Despite great industrial demand, the use of molecular oxygen from air as an oxidant is often problematic. Nature uses iron or copper enzymes to perform such reactions under ambient conditions. The development of synthetic compounds that mimic this activity has been a long-standing research goal.
Andrey A. Fokin, Igor Sikorsky Kiev Polytechnic Institute, Ukraine, and University of Gießen, Germany, Max C. Holthausen, University of Frankfurt am Main, Germany, Siegfried Schindler, University of Gießen, and colleagues have developed a simple “clip-and-cleave” concept for selective oxidation reactions. The team achieved efficient hydroxylations of unactivated aliphatic β-C–H bonds with high selectivity.
The synthesis involves the reaction of an aldehyde with N,N‐diethylethylenediamine to give the corresponding imine, which is used as a bidentate donor ligand forming a copper(I) complex with [Cu(CH3CN)4][CF3SO3]. The complex then reacts with dioxygen (“clip”), and as a final step, an acidic cleavage (“cleave”) gives the corresponding β‐hydroxylated aldehyde.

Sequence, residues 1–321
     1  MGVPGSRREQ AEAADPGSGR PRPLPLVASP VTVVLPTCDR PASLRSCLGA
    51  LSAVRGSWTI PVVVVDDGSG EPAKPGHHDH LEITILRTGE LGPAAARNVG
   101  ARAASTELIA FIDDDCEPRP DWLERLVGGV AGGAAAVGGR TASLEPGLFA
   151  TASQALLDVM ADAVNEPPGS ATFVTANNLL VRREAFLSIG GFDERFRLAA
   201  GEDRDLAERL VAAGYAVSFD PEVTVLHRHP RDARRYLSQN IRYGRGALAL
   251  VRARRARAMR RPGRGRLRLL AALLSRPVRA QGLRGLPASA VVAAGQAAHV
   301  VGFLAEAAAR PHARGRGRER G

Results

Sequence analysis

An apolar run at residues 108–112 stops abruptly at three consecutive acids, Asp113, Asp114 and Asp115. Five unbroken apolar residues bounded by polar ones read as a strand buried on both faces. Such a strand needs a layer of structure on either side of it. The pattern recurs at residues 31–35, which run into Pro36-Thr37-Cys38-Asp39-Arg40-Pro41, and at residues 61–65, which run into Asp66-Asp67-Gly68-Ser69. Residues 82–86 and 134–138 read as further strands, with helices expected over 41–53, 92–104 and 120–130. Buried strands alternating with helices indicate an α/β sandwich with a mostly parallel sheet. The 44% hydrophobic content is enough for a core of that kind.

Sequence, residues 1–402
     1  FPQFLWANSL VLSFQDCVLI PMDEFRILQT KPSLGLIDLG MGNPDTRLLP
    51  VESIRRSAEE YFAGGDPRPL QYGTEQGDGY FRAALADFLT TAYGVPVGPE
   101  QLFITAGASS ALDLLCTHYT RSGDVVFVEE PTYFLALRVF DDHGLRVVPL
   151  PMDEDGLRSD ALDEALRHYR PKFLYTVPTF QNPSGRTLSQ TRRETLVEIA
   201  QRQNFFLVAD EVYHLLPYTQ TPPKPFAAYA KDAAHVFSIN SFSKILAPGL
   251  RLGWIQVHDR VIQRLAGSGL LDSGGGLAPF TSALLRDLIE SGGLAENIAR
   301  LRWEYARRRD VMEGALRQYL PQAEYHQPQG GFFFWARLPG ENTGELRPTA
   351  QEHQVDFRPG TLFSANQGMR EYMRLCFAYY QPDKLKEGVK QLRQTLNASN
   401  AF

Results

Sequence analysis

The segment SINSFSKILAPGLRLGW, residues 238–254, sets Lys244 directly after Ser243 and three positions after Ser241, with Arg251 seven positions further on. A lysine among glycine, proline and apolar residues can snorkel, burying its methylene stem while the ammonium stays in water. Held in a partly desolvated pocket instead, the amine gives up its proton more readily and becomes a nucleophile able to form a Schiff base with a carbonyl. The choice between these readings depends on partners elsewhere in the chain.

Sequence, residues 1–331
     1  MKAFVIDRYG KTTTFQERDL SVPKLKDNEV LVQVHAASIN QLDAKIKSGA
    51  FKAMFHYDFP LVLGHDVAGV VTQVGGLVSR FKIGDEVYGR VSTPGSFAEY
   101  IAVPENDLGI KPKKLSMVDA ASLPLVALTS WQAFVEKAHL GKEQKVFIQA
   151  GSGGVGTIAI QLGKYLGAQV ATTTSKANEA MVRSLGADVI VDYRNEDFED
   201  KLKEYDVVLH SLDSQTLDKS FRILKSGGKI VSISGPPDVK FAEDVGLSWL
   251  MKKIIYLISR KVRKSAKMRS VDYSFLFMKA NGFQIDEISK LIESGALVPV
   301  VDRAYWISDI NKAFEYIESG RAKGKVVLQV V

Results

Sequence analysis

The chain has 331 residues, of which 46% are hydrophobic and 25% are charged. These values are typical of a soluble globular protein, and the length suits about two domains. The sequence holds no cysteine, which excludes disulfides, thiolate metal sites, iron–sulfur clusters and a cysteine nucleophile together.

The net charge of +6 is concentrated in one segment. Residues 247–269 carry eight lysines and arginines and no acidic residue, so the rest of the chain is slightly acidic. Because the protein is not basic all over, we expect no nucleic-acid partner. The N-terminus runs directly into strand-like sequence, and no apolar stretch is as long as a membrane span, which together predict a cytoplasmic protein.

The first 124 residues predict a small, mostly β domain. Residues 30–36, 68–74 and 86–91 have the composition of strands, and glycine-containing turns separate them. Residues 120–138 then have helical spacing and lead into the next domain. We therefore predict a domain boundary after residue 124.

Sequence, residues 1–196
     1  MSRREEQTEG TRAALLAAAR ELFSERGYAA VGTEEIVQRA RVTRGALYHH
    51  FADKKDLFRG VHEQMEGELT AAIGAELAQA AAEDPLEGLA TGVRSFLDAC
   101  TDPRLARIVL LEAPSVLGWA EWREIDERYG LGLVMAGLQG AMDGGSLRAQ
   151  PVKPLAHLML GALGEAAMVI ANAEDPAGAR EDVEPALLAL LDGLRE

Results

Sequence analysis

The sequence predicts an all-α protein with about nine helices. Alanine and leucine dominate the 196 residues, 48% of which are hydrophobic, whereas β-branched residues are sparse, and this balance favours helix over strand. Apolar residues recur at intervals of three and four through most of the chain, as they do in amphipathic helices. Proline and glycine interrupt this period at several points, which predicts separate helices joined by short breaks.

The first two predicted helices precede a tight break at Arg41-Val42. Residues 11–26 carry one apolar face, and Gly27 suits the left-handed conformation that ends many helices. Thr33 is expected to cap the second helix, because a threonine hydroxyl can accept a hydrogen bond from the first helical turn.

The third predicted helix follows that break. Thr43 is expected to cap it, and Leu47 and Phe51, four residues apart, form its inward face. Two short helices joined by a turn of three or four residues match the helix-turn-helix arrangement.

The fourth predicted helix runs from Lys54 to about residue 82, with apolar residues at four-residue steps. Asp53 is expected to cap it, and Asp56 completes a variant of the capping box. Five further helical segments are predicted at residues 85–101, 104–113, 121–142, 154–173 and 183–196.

This approach provides access to 1,2-disubstituted adamantane and diamantane derivatives that are otherwise difficult to prepare. As an extension of the concept, the amine could be immobilized, for example, on a silica matrix, which should allow the hydroxylation of aldehydes under mild conditions using only dioxygen from air.
- Aerobic Aliphatic Hydroxylation Reactions by Copper Complexes: A Simple Clip-and-Cleave Concept,
Jonathan Becker, Yevheniia Y. Zhyhadlo, Ekaterina D. Butova, Andrey A. Fokin, Peter R. Schreiner, Moritz Förster, Max C. Holthausen, Pascal Specht, Siegfried Schindler,
Chem. Eur. J. 2018.